Local Canada Geese remain in winter

While some Canada geese (Branta Canadensis) migrate into our area, many are permanent local residents. Easily recognizable, the black head and neck of a Canada goose is distinguished by a white chinstrap, black bill, brownish body plumage, darker wings and back, light underbody and dark tail, legs and feet. A large bird, males weigh about 10 to 14 pounds, with a 5 to 6 foot wing span. Females have identical coloring, although may be slightly lighter, and are slightly smaller. Very large Canada geese can weigh over 20 pounds.

Maryland, in the traditional wintering range of Canada geese, has historically hosted large migrating populations. Although populations have increased since passage of the 1918 Migratory Bird Protection Act, excessive hunting had depleted migratory Maryland goose populations in the early 20th century.

Local Canada Geese often stay close to home in winter

Hunters in that time period started raising resident geese to serve as decoys to attract migrating flocks, a practice that may be considered too successful. Increasing numbers of Canada geese stayed, diminishing the posting of live decoy geese by the 1920s. Now the numbers of non-migratory geese in our area of Maryland exceed migratory winter residents. Canada geese are believed to have a weak migratory instinct, and a strong homing instinct. Once established in an area as residents, they easily forgo migration and become reluctant to leave.

Canada geese seem to live well in urban and suburban areas. Being primarily plant eaters, the grass of cultivated lawns can become a preferred part of their diet, along with roots, seeds and aquatic vegetation. A Canada goose eats nearly continually when it can and produces about a pound of feces per day per animal. They can rapidly become pests when large numbers live in residential areas at community ponds and lakes. In winter, resident geese will forage for food away from their preferred residence area, flying home late at night, honking loudly. But when snow prevents foraging, they can live off stored fat reserves for weeks if necessary. Because these are group and family-oriented animals, loud honking in flight is thought to help assure that the geese stay together.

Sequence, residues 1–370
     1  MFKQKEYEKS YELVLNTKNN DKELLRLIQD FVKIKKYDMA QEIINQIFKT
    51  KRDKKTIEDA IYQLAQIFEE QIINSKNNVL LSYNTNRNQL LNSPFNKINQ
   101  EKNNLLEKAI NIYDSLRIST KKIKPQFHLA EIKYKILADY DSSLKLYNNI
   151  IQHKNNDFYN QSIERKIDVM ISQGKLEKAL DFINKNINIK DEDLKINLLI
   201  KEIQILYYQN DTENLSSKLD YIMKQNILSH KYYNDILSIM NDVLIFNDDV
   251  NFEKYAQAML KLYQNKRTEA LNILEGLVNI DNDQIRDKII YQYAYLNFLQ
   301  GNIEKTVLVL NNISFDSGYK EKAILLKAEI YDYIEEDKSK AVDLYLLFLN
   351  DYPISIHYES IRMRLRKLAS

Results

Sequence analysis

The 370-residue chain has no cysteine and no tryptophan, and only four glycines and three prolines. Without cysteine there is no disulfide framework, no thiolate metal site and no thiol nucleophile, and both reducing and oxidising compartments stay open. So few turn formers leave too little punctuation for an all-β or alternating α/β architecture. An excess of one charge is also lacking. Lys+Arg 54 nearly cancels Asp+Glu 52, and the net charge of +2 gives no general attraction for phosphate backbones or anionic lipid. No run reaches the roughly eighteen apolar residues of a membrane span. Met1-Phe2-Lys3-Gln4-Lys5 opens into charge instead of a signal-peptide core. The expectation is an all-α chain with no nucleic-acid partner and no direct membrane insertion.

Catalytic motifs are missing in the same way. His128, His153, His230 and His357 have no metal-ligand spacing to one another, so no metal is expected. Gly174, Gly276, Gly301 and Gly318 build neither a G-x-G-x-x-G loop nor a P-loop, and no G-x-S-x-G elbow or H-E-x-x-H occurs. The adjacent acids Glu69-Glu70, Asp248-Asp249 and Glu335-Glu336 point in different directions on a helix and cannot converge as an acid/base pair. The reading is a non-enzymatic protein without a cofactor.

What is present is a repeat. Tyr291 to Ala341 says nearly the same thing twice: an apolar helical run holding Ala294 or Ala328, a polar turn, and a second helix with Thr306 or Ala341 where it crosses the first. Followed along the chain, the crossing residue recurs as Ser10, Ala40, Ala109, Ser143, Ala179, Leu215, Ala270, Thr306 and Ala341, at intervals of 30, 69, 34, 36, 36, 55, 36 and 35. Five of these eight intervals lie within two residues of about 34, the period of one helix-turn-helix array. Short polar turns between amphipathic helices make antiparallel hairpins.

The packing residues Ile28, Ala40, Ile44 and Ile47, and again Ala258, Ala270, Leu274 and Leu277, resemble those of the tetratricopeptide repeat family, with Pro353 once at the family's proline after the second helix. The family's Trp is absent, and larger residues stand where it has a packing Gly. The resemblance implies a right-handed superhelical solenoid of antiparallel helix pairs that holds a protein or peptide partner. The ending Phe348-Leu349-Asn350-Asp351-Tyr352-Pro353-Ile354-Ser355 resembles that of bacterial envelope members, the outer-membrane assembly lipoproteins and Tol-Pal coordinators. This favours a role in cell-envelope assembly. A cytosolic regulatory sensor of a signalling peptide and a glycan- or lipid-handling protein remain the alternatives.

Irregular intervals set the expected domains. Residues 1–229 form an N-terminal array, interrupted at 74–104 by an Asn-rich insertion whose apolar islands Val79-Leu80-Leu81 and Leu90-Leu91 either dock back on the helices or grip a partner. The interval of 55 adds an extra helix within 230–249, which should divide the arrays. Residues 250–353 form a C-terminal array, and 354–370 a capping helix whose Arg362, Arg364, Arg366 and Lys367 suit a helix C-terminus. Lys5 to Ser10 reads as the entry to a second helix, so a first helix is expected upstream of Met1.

Canada geese are monogamous and mate for life at age 3. Females produce a clutch of about a half dozen eggs each spring. After an incubation period of about four weeks, the goslings are hatched with feathers and can walk within a day of birth. While incubating, both parents go through their annual molt.

Males can become very aggressive in defending the nest and the young. The young geese will overwinter with their parents, migrating or as permanent residents. The life span of a Canada goose can reach 20 years or more, with some of the oldest birds observed to reach age 30.

Canada geese have also become resident in many foreign countries through introductions, mainly for hunting. Populations exist in Europe, Britain and New Zealand. They were brought to New Zealand for game birds in the early 20th century. They were protected and managed under wildlife protection law until 2011 when New Zealand removed the protections as a result of overpopulation. In Maryland Canada geese continue to be protected under federal law. Local Canada Geese often stay close to home in winter.

Article by FCFCDB

Nature Note for 2/9/2014